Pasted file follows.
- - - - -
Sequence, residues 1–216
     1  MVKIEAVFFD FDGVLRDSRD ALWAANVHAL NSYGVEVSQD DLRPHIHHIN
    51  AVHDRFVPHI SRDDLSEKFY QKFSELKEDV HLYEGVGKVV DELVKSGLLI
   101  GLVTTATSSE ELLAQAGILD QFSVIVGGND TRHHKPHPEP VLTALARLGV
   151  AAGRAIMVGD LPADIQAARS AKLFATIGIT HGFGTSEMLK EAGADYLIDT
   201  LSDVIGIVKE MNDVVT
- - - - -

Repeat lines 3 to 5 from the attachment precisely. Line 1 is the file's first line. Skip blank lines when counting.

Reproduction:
    51  AVHDRFVPHI SRDDLSEKFY QKFSELKEDV HLYEGVGKVV DELVKSGLLI
   101  GLVTTATSSE ELLAQAGILD QFSVIVGGND TRHHKPHPEP VLTALARLGV
   151  AAGRAIMVGD LPADIQAARS AKLFATIGIT HGFGTSEMLK EAGADYLIDT